Food quality is a contributing factor to gut dysbiosis (microbial imbalance) and inflammatory bowel disease. Food allergies or intolerances, diets high in processed foods, a lack of pre- and probiotics, and enzyme deficiency can all contribute to impaired digestive function and its associated symptoms.
So if you think your gut is fine, the truth is, it’s probably not.
And all those annoying things you associate with “just getting older” like joint pain, stiff muscles, and forgetfulness?
Yeah. Those can be the result of a gut that’s struggling to do its job under less than ideal conditions.
But What Do Tight Muscles Have to Do with Gut Health?
If diet is the issue here, it seems like diet is where we should focus our attention. If chemicals in the food supply are disrupting our gut flora, then choosing organic produce and supplementing with probiotics seem appropriate.
And it’s true. As they say in the world of fitness, you can’t out-train a bad diet.
Basically, you can’t eat Whoppers and milkshakes for breakfast every day and hope to get six pack abs, no matter how hard you work in the gym.
The same also goes for gut health.
If your diet consists of prepackaged, processed foods, or you’re eating things that irritate your gut lining due to allergy or intolerance, or if you’re simply ingesting large quantities of endocrine-disrupting petrochemicals, your gut health will suffer.
End of story.
But if you’re intentionally nourishing your gut lining and microbiome yet still experiencing digestive issues like bloating, constipation, stomach pain (that you’ve ruled out medical causes for, of course), or even acid reflux, there may be another frequently overlooked element at play: stress.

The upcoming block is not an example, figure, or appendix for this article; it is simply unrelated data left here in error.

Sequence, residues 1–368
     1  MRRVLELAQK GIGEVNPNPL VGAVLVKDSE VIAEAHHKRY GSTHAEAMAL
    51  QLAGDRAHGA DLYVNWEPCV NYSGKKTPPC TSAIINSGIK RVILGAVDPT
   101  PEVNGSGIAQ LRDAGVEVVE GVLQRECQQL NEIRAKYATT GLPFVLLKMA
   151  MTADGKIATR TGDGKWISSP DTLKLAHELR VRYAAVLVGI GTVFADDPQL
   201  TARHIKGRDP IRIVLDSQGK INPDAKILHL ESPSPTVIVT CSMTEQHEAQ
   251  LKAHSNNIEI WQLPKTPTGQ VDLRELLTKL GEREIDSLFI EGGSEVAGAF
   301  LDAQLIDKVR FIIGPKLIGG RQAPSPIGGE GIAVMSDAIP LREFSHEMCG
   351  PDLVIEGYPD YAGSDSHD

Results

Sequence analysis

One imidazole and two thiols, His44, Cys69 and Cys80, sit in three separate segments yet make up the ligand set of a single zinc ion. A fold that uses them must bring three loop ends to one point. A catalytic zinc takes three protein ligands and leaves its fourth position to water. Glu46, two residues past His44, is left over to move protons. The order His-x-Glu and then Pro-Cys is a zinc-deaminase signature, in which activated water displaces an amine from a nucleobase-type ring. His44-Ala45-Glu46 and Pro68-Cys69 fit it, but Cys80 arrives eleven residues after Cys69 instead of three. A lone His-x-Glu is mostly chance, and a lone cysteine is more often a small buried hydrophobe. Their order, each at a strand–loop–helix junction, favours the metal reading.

Stress And Gut Health
While psychological stress has been proven not to be a cause of IBS, it’s still a factor in functional gastrointestinal disorders, especially those where no obvious physical cause is present.
Even in cases of IBS or SIBO, addressing lifestyle and stress are integral to a healthy treatment protocol.
You might think of stress as a “top down” phenomenon where you have a thought that makes you feel stressed or anxious. Your brain then sends corresponding signals through your spinal cord to your body, including your digestive system, causing a flood of stress hormones and tension.
But actually, it often works in reverse.
Your brain and body are constantly checking in with each other to assess the present situation. Which means your body is also sending signals to your brain.
Muscle tension signals your brain that all is not well. Those clenched shoulders and rock-hard hip flexors mean that you’re not safe.
Even if all is well, your brain will interpret your tight muscles as a sign that danger is near. It will then start to prepare for survival the same way that it would if a cougar were stalking you in the forest.
Your brain and body will switch into the fight-flight-freeze branch of your autonomic nervous system — the sympathetic branch.
This affects gut health because in life-threatening situations, your body — sensibly — pauses digestive function and mobilizes blood away from your internal organs in preparation to defend itself.
When your sympathetic nervous system is highly active — as it is in a survival situation — digestive secretions and gut motility (the wave-like motion that moves food through your intestines) are inhibited.
Which, you know, kind of slows down your digestion.
That whole food thing kind of gets pushed to the back burner. After all, it’s not super important to digest your lunch if you might not live through the end of the day.
Tension and Your Gut Brain
While muscle tension definitely keeps your body stuck in sympathetic activation and thus impairs digestion, it also has a more direct and mechanical effect on gut health.